You have a bad body casting!
There are only 4-5 of them out there like this, but I need you to contact me so I can send you a correct body casting.
Email me at pierre.oliver@elgincarshops.com and we can discuss getting you the right body casting .
Thanks

Friday, June 2, 2017

Operators are standing by!

The newest kit from Yarmouth Model Works is now for sale on the webste;
http://www.yarmouthmodelworks.com/index.php/ResinModelKits/Index




I will start shipping orders as soon as I return from the RPM in Enfield, CT


Saturday, May 27, 2017

Nerves of Brass!

While I know how to work the material and I have the tools, there is still a touch of trepidation everytime I look at soldering brass parts together. That's mostly because, there's really no turning back once you start.
Yes you can unsolder, however the brass usually gets mangled in the process, and then the frustration level rises, and then temptation to toss things across the room, etc.
I'm currently building some O scale kits from Mullet River Models. A nice mix of laser cut wood parts and etched brass underframes.
It is the underframe of the one boxcar that I'm going to show you.
Here we have the wooden stringers and the etched bits cut from the fret and folded into the C channel shapes. The centre flanges had to be shortened to accommodate coupler boxes

The various pieces are slotted together and lined up on the wooden floor . This was easier than trying to pin all these parts to a board. I could keep the assembly square by aligning with the scribed floor planks.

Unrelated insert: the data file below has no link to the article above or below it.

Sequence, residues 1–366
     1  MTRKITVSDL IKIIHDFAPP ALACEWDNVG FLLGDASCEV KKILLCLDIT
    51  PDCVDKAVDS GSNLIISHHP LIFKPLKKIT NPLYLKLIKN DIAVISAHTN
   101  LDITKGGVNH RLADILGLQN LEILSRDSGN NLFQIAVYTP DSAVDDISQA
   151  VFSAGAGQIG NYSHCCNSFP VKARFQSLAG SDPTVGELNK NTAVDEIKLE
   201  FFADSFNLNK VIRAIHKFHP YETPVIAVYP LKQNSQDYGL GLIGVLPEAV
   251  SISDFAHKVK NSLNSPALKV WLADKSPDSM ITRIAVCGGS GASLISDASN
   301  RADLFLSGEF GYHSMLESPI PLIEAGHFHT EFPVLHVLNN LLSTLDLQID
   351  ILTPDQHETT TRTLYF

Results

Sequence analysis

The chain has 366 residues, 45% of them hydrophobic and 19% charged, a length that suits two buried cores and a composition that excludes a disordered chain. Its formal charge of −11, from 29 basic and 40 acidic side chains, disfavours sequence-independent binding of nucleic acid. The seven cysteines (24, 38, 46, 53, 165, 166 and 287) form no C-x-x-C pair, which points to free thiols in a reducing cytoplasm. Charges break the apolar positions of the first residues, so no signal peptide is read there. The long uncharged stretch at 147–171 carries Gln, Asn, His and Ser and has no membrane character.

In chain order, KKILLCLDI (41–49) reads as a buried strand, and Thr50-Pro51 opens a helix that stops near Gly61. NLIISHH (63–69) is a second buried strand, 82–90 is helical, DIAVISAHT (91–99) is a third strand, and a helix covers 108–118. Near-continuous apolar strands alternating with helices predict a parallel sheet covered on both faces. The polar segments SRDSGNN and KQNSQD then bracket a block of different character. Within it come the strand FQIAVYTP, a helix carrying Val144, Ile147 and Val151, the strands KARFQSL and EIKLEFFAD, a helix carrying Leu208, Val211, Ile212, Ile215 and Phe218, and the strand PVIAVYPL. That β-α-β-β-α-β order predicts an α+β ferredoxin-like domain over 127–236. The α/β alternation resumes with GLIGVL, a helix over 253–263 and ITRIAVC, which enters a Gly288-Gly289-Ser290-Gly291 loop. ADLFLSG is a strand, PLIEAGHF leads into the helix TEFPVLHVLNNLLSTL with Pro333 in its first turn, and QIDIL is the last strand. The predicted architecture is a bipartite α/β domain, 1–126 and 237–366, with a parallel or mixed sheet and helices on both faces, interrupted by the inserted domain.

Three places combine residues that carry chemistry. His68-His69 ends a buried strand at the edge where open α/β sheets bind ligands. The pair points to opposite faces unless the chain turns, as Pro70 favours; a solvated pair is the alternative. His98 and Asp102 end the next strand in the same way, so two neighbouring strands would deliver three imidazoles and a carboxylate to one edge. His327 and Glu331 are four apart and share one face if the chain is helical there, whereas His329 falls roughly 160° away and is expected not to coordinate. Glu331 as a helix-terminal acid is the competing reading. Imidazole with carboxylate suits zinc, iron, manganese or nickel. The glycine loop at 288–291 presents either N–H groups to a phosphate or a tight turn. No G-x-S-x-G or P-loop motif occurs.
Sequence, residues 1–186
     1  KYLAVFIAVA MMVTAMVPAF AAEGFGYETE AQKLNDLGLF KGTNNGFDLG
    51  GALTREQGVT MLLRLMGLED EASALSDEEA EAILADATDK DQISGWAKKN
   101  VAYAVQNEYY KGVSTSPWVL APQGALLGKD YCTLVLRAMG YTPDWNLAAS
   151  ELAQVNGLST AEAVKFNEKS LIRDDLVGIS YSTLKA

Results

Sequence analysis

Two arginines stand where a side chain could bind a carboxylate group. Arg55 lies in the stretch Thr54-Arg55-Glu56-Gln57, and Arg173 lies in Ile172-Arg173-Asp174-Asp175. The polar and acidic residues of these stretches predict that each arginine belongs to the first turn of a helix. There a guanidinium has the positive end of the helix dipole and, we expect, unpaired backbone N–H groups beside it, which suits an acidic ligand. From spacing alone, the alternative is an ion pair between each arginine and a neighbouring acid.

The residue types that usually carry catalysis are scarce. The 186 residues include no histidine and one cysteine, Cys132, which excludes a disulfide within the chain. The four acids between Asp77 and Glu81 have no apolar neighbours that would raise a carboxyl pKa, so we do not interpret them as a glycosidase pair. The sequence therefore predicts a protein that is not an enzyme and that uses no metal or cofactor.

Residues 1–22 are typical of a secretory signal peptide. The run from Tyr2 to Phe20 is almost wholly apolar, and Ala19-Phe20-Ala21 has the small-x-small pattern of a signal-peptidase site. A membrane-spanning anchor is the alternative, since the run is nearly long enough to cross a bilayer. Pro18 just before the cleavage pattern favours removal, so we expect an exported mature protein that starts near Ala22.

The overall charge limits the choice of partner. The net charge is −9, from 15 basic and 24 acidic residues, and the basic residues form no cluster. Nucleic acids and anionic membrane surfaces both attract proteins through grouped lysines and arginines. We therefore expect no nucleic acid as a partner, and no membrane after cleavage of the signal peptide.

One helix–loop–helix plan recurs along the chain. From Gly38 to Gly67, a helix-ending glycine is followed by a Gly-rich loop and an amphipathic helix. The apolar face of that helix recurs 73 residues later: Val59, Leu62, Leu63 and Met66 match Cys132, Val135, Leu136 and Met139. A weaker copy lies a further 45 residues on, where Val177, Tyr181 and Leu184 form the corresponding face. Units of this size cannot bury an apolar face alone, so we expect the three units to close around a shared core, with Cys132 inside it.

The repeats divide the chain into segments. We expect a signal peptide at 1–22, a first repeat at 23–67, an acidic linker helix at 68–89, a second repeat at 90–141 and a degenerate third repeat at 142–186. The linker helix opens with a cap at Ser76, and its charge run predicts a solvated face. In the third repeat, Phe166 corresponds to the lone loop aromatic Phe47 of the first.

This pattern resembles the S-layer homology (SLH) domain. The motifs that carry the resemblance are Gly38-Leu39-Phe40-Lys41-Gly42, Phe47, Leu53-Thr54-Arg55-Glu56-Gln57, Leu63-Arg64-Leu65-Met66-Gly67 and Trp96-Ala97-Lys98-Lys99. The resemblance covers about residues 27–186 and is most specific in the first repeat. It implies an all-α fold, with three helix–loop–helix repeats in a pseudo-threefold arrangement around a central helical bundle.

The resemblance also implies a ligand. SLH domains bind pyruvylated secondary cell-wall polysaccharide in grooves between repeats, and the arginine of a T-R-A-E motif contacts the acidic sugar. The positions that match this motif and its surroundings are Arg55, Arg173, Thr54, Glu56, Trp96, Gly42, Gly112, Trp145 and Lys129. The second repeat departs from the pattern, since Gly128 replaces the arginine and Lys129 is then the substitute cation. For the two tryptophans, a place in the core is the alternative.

I lightly tacked the joints with my conventional soldering iron, holding the parts with my fingers and tweezers. And once that was done I tinned the top flanges of the bolsters for the bolster caps, along with the back side of the bolster caps.
Now I could move the assembly onto my resistance soldering base plate and firm up all the joints and sweat the bolster caps in place.
Finally the queen posts were soldered in place.
I figure I spent all most as much time thinking about what and how I was going to tackle this task, as I did actually executing it.
I really don't care for going back if I can at all avoid it.




Friday, May 26, 2017

It's just a Sweetie!






Just finished this lovely little tank car for a client.
The kit is made by Precision Scale Company, and is offered in the catalogue as a HOn3 UTLX frameless tank car, but is easily upgraded to a standard gauge car.
Some adjustment with the couplers and a larger K brake cylinder and reservoir and your set.
Add in decals from Speedwitch Media and what more could you ask for?
It's funny from an historical point of view, the frameless concept was resisted by the railroads for some time in the early 20th century and today that's all you see.